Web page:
U.S. Drunk Driving Epidemic Continues

The drunk driving epidemic continues in this country. A few decades ago, nearly half of all traffic deaths were caused by alcohol. Since then, we’ve lowered that number to about 30%, but that’s it. It’s been 30% for years and that number is simply not good enough.

In 2015, there were 10,265 alcohol-related traffic fatalities in the United States. That’s nearly one-third of all traffic deaths.

“When you look at the fatalities, it’s almost unreliable that, as a country, we’re willing to let it continue to happen,” said Deborah A.P. Herman, president and chief executive of the National Safety Council (NSC).

According to The Huffington Post, more people are dying out on the roads than ever before. The uptick in the amount of drivers on the road, cheap gasoline, and a propitious economy all contribute to the densely populated roadways, but drunk driving is still causing far too many deaths.

One way to significantly lower the drunk driving fatalities in the U.S. is to have stricter government policies on the issue. Universal laws that would require all drunk driving offenders to have ignition interlock devices installed on their vehicle would surely lower the number of traffic deaths.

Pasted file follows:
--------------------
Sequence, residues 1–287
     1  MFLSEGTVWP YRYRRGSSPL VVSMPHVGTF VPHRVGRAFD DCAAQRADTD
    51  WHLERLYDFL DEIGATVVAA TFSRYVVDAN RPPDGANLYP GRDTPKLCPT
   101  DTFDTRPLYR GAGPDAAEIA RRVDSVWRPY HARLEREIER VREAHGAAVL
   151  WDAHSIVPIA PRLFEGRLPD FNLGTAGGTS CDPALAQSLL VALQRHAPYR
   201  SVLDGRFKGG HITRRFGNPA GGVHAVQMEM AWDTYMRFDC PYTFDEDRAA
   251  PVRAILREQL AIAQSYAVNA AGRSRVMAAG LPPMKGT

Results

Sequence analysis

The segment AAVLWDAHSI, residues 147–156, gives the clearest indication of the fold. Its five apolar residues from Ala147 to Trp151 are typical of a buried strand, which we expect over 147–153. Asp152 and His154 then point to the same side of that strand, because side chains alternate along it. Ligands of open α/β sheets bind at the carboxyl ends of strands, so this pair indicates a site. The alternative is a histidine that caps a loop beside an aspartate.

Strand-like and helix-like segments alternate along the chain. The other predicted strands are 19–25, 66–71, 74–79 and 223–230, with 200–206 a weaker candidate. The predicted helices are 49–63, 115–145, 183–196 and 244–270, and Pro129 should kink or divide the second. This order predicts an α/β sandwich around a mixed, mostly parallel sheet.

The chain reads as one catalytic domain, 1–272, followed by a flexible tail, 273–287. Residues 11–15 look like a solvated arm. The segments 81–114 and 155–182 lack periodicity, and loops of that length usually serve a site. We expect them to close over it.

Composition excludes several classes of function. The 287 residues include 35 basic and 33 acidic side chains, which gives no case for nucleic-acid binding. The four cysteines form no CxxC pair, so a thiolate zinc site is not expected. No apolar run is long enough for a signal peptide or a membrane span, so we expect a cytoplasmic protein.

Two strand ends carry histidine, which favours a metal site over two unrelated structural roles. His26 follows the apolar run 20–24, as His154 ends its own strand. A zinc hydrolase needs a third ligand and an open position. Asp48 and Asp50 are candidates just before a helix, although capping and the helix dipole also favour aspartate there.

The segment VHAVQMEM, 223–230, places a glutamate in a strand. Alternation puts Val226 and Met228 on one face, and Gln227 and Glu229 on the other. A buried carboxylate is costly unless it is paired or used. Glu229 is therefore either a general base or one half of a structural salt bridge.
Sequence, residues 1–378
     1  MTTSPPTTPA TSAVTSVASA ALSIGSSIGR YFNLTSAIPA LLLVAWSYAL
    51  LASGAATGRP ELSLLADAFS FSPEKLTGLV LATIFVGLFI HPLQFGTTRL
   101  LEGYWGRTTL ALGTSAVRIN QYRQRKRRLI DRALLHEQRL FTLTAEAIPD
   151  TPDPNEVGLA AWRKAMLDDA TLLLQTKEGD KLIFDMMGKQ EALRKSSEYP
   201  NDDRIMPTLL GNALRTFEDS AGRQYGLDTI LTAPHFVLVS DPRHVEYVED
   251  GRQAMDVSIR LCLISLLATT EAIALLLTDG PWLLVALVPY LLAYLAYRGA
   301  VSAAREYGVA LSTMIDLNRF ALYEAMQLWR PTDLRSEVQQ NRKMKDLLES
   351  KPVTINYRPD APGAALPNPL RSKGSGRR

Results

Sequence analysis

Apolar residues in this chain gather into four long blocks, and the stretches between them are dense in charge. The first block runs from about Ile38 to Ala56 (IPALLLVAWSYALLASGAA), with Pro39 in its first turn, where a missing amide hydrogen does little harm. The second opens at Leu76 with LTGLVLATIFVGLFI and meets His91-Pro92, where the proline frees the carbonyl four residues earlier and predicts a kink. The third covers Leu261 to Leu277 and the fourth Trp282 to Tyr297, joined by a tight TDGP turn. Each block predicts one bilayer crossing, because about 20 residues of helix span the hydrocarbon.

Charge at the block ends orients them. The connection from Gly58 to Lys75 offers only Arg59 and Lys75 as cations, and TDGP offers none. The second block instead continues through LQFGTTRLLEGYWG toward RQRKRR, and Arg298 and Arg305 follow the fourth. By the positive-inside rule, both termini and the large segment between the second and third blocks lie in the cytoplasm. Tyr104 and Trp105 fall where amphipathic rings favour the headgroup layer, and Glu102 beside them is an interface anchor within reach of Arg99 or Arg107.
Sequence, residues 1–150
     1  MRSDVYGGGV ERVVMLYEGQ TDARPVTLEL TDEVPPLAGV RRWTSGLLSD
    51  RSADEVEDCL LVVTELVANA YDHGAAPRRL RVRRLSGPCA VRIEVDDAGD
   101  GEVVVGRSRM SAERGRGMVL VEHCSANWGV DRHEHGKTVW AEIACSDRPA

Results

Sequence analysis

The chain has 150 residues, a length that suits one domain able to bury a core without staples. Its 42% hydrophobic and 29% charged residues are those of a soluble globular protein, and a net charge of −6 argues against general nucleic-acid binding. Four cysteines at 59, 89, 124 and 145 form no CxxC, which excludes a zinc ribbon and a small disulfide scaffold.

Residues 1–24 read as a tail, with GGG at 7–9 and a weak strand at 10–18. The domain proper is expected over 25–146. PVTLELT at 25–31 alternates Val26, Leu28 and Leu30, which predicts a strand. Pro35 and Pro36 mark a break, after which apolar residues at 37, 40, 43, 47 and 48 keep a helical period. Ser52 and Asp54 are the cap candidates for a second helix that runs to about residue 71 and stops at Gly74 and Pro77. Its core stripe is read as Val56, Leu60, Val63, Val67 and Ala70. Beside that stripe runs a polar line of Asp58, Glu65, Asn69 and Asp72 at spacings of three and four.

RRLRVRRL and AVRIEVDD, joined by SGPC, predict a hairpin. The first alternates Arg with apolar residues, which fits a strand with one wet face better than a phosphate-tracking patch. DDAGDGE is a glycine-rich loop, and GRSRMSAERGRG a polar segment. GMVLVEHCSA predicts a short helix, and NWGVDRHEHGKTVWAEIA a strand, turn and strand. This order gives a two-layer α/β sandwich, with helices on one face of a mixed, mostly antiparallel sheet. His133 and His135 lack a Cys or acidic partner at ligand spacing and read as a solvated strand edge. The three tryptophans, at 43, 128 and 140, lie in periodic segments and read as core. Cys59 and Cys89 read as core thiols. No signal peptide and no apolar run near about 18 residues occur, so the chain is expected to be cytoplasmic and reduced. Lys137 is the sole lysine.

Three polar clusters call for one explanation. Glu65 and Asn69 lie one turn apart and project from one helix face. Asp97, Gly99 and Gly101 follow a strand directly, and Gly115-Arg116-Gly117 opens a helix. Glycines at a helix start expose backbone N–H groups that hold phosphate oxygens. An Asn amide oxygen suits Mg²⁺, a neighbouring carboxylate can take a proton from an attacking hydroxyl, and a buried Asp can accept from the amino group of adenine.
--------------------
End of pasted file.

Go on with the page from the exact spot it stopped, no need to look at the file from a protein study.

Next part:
These devices would require a driver to blow into it and if there is any indication that the driver has been drinking, the vehicle will not be able to start.

“There’s a mountain of data now that show interlock laws work,” said J.T. Griffin, chief government affairs officer at Mothers Against Drunk Driving (MADD).

Although all 50 states have some sort of interlock device law, only 23 require all offenders to use them. West Virginia implemented a stricter policy in 2008, and since then, the drunk driving deaths in WV have plummeted by 50%.

“These laws are really critical for states to pass,” Griffin added.

Interlock laws would be a great step forward, but both MADD and the NSC agree that law enforcement needs to step up its campaigns to successfully identity, pull over, and arrest drunk drivers.

Every day, people drive drunk nearly 300,000 times, but only 4,000 or less are arrested and the average drunk driver drives drunk approximately 80 times before they get arrested.

“You can drive from D.C. to California and halfway back, drunk, before you get caught,” Hersman added.

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